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Question of the Week: What’s Going to Happen to ORM-D?

Posted on May 31, 2011 by James Griffin

Q. I’ve heard the U.S. Department of Transportation (DOT) is phasing out the Consumer Commodity (ORM-D) exceptions from the Hazardous Material Regulations (HMR; 49 CFR parts 171-180). When did this happen? When does it take effect? And does this mean that regular consumer products need shipping papers and the whole rigmarole of marks, labels, and UN specification packaging like regular hazmat?
 
A. Some of what you’ve heard is correct. As part of an effort to harmonize domestic regulations with international standards, the DOT is phasing out the ORM-D exceptions for consumer commodities. After December 31, 2012, you won’t be able to use the ORM-D-Air provisions, and after December 31, 2013, you won’t be able to use the ORM-D exceptions for other modes of transportation (vessel, highway, or rail). 
 
Once the ORM-D Consumer Commodity classification goes away, any products you shipped under that description will have to be described as regular hazardous materials.
 
But, because consumer commodity type packages don’t contain very much hazmat, they still have a lot of options that don’t require the full weight of the HMR [76 FR 3308; January 19, 2011].
 
Limited Quantities
Literally, the term “limited quantity” means the maximum amount of a hazardous material for which there is a specific labeling or packaging exception. In practice, it means that a package that doesn’t contain very much hazmat is relieved from the most stringent packaging and hazard communication requirements. [49 CFR 171.8] All packages that were ORM-D consumer commodities did—and probably still do—qualify for limited quantity exceptions. 
 
Once you have classified your hazardous material, look it up in the 49 CFR 172.101 Hazmat Table. If the entry in the table for your material designates an exception (Column 8a), then you can prepare a package of that hazmat according to the specified alternative packaging and hazard communication requirements. Provisions for limited quantities of Class 3, 4, 5, 6, 8, and 9 are found at 49 CFR 173.150-173.156 and at 73.306 for Class 2 Gases. 
 
The International Air Transport Association’s Dangerous Goods Regulations (IATA DGR) and the International Maritime Dangerous Goods Code (IMDG) work the same way. Not all hazmats authorized as limited quantities by the DOT are authorized by the IATA and IMDG, and the packing instructions for limited quantities are found in Section 2.7 and in all of the “Y” designated packing instructions of the IATA DGR, and Chapter 3.4 of the IMDG Code.
 
Packaging
Because “limited quantity” packages contain small amounts of hazmat, they present less of a risk during transportation and the rules that apply are less stringent than for “fully regulated” bulk or non-bulk packages of the same material. 
 
Limited quantity packages do not require expensive UN specification performance oriented packagings, but must instead be packed in “strong outer packagings” that meet the general requirements in 49 CFR Part 173 Subpart B. For transport by aircraft, only materials authorized for transport by passenger aircraft can be offered as a limited quantity and the additional packaging requirements in 173.27 apply.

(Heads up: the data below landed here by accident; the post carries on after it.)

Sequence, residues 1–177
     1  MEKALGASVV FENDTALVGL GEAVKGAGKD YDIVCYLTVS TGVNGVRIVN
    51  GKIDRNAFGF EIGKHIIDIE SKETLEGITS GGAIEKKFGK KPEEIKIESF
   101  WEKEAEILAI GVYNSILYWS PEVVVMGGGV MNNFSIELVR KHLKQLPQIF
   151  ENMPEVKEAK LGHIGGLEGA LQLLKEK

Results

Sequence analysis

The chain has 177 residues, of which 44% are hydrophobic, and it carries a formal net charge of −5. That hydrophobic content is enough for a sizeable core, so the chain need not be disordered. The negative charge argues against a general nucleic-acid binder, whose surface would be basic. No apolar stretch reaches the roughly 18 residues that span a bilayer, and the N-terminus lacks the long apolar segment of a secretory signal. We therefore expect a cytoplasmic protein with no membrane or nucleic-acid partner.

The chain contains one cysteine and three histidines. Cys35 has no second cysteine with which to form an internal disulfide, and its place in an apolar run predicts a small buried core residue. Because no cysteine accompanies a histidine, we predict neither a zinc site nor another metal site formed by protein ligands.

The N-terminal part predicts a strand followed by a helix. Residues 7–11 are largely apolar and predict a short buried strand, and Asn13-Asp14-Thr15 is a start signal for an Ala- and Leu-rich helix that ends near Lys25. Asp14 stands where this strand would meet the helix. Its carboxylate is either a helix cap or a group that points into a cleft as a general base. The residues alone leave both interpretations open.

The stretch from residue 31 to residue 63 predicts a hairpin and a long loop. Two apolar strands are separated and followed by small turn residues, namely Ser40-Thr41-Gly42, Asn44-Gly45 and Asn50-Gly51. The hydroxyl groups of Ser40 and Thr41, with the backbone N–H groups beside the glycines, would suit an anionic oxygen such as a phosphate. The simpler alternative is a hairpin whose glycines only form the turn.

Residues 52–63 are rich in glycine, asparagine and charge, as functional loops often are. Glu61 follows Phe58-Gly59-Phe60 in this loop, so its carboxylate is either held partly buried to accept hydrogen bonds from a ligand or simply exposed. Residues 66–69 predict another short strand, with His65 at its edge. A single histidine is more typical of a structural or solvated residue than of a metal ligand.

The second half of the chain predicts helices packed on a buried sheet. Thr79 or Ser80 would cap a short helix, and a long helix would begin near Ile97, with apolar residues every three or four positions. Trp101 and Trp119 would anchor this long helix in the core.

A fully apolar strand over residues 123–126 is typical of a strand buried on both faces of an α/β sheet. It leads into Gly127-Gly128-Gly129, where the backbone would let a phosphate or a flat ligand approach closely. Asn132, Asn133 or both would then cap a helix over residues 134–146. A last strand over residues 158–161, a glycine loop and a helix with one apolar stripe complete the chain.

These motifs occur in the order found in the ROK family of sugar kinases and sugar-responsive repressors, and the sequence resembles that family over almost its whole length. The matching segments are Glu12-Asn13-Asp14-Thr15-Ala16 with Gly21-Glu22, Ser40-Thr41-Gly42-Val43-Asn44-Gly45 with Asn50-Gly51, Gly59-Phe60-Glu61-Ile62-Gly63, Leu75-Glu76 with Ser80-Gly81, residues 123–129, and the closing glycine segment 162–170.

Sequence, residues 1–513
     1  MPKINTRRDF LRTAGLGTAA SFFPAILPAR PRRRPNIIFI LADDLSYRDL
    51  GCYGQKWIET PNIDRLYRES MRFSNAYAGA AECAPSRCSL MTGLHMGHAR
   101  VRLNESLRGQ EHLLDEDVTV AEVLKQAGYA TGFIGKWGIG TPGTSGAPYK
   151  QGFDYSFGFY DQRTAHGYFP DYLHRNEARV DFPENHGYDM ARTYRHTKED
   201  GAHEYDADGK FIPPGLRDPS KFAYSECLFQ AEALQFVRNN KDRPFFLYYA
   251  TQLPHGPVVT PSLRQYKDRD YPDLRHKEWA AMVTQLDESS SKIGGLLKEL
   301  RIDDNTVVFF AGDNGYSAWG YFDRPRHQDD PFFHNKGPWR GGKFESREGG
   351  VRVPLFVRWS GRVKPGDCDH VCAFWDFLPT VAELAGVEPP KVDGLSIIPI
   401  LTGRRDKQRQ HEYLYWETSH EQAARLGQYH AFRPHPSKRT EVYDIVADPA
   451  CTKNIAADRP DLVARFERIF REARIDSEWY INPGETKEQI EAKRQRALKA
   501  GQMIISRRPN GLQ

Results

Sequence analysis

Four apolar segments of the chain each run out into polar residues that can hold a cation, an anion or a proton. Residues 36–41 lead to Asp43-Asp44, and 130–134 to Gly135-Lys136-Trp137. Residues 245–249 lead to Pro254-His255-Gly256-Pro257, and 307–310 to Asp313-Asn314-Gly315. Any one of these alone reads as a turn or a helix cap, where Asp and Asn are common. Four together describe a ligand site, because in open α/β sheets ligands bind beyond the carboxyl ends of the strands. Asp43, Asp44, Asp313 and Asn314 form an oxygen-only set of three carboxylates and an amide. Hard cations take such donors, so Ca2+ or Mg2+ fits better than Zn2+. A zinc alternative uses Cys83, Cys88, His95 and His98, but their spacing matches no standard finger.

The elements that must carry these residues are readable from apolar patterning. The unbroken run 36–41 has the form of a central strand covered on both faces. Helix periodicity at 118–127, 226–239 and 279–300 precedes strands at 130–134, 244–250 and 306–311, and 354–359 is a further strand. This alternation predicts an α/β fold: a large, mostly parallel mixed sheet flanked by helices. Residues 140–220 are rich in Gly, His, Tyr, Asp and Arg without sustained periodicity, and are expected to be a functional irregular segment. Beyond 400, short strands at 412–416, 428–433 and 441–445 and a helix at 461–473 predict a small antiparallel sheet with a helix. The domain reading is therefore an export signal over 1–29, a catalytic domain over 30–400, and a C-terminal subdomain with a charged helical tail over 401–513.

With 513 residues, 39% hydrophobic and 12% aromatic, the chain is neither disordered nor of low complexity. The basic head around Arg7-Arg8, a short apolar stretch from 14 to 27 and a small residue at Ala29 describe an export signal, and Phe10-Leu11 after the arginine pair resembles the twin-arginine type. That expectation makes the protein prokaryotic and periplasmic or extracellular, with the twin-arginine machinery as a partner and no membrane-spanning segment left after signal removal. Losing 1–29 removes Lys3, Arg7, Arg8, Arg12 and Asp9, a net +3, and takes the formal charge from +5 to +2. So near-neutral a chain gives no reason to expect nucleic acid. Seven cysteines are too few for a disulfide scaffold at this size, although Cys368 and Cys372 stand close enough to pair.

A package of hazmat prepared as a limited quantity must be in a combination packaging and cannot exceed 30 kilograms (66 pounds) gross weight. Inner packagings are limited to 0.1-5 L (0.3-1.3 gallons) or 1-5 kg (2.2-11 lbs) depending on the packing group of the material. For air transport, more detailed limitations on inner packaging quantitity limits are found at 173.27.
 
Packages of hazmat prepared as a limited quantity are eligible for the additional packaging exceptions at 49 CFR 173.156. These additional exceptions used to apply only to ORM-D shipments, but can now be used by any kind of limited quantity package.
 
Hazard Communication
One great thing about the way the DOT has phased out the ORM-D classification is that while the ORM-D category and the Consumer Commodity shipping name are being phased out, most of the actual reliefs from regulation are staying in place or being extended.
 
Whether or not a limited quantity package contains a consumer commodity material, it does not require:
 
  • UN Identification number markings 
  • Proper Shipping Name markings 
  • Hazard Labels (except if transported by aircraft) 
  • Shipping papers & emergency response information (unless it’s a hazardous substance, hazardous waste, or marine pollutant, or is transported by vessel or aircraft) 
Markings and Placards
Each package that contains a limited quantity of a hazardous material must be marked with the limited quantity symbol (Figure 1). And, if it is ready for transport by aircraft, the symbol must include a “Y” (Figure 2). A shipping container, transported by vessel under the IMDG Code, that contains only limited quantities of hazardous material must display a placard sized version of this symbol. 
Figure 1.                                                  Figure 2.
 
               
                    
                                    

               

Training and Other Issues
A person who handles or ships limited quantities of hazardous materials must comply with the hazmat employee training standards (49 CFR Part 172 Subpart H). This means their training must include general awareness, security awareness, and function-specific training on packaging and shipping the materials they work with. 

 
For more information on shipping limited quanitities or consumer commodities, register for Lion Technology’s Shipping Limited Quantities and Consumer Commodities online course.